(Additional reporting by Tassilo Hummel, Joseph Nasr, Thomas Escritt, Riham Alkousaa, Gabi Sajonz-Grimm, Michelle Martin, Elizabeth Culliford, Katie Paul and Stephen Farrell; Writing by Paul Carrel; Editing by Mark Heinrich, Cynthia Osterman and Tom Brown)

Synagogue attack sparks fear among Jews in Germany

By Joseph Nasr

BERLIN (Reuters) – As Jews left Yom Kippur prayers across Germany on Wednesday, they were jolted by word that an anti-Semitic gunman had attacked a synagogue in the eastern city of Halle hours before, killing two people.

The news heightened fears of more anti-Semitic violence in a nation still scarred by the Holocaust and witnessing the rise of the right-wing Alternative for Germany (AfD) party.

“It’s very scary,” said Samuel Tsarfati, a 27-year-old stage director, as he left a Berlin synagogue with fellow French national Samuel Laufer.

The pair, who live and work in the German capital, had spent the holiest day in the Jewish calendar secluded in prayer and switched off their mobile phones for 25 hours of fasting.

Other members of Germany’s 200,000-strong Jewish community expressed similar alarm over the attack. After trying to blast into the Halle synogogue, a lone suspect killed a woman outside and a man in a nearby kebab shop.

“It’s not a coincidence it happened in east Germany. The far-right AfD is very strong there,” Tsarfati said. Leaders of the AfD, which made big gains in elections in two eastern states last month, condemned Wednesday’s attack in Halle.

Attacks on Jews rose by 20% last year and were mainly carried out by right-wing extremists. Even before the Halle shooting, a heavy police presence guarded the synagogue in the trendy suburb of Prenzlauer Berg where Tsarfati and Lauferis attended prayers.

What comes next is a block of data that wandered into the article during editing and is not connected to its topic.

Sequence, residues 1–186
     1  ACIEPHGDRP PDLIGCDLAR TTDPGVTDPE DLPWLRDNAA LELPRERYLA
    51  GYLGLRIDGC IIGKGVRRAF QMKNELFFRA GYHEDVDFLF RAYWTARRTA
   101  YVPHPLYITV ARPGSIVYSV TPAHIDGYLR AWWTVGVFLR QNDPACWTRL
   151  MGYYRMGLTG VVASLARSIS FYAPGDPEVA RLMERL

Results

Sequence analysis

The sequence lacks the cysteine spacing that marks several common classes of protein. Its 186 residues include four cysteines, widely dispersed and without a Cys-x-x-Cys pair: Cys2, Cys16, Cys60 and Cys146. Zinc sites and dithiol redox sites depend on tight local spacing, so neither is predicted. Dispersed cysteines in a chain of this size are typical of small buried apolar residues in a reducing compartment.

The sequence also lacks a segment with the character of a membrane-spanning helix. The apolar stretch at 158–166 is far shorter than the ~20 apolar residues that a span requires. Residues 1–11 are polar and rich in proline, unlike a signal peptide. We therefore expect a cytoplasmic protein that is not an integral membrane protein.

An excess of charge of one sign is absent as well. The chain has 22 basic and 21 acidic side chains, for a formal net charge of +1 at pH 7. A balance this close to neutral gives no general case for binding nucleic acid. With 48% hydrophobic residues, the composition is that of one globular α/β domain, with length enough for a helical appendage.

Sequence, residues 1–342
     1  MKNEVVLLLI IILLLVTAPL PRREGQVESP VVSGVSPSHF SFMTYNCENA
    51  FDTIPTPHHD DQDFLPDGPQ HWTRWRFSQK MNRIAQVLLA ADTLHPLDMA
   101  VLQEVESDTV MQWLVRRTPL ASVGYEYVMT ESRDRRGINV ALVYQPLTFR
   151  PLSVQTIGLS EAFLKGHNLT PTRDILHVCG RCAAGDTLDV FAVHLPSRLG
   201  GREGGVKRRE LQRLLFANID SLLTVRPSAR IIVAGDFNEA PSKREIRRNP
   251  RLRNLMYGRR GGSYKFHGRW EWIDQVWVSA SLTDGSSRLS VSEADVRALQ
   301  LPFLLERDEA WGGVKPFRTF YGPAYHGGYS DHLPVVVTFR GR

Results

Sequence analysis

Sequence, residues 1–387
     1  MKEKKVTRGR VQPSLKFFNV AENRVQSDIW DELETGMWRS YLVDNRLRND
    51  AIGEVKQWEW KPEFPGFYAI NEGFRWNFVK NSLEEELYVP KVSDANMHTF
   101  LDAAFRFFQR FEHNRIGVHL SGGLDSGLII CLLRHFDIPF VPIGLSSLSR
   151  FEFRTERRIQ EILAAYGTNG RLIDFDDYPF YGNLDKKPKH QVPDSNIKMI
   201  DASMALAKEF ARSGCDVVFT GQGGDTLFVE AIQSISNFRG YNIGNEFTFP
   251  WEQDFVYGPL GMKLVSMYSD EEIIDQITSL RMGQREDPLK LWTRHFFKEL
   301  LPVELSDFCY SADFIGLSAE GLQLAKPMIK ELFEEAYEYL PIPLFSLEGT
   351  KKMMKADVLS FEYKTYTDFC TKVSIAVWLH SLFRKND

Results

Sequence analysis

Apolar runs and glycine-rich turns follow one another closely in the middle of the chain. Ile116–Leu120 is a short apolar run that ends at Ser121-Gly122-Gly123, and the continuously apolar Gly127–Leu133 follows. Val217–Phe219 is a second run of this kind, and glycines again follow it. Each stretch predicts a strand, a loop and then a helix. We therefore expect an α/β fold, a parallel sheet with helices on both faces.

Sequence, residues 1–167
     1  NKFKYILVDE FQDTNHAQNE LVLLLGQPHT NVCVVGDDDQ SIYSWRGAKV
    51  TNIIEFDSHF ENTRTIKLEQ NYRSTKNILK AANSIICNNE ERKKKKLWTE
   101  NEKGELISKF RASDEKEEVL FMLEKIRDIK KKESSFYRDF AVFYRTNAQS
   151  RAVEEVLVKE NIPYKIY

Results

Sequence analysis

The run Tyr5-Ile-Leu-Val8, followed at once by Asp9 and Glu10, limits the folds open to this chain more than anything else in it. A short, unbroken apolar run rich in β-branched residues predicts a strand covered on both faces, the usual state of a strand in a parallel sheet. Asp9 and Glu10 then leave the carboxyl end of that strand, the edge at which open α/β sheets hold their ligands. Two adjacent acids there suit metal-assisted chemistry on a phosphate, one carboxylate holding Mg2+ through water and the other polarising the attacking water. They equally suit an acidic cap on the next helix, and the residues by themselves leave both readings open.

Jews and German politicians have been particularly worried by comments by Bjoern Hoecke, the AfD leader of eastern Thuringia state, that the Holocaust memorial in Berlin is a “monument of shame” and that schools should highlight German suffering in World War Two.

“What happened today shows that the AfD should not be underestimated,” said Laufer. “AfD leaders like Hoecke don’t want to see that their words encourage some people to kill.”

Hoecke was among the AfD leaders to condemn the Halle attack.

The Halle gunman broadcast anti-Semitic comments before he opened fire. Several German media outlets said he acted alone although police have not confirmed this.

The far-right AfD entered the national parliament for the first time two years ago, riding a wave of anger at Chancellor Angela Merkel’s 2015 decision to welcome almost 1 million migrants. The party’s rise has alarmed Jewish leaders who condemn the party’s verbal attacks against Muslim migrants.

‘BLINDED BY HATRED’

Charlotte Knobloch, a Holocaust survivor and president of the Jewish Community in Munich, suggested that the AfD’s anti-immigrant rhetoric was contributing to an atmosphere of hate that encouraged political violence.

“This scary attack makes it clear how fast words can become acts of political extremism,” she said in a statement. “I’d be interested to know what that AfD has to say about such excesses, for which it had prepared the ground with its uncultured hate and incitement.”

At the gold-domed New Synagogue in Berlin’s city center about 200 people, including Muslim leaders, held a vigil, some carrying Israeli flags and others holding candles. Merkel visited the synagogue in the evening and took part in prayers.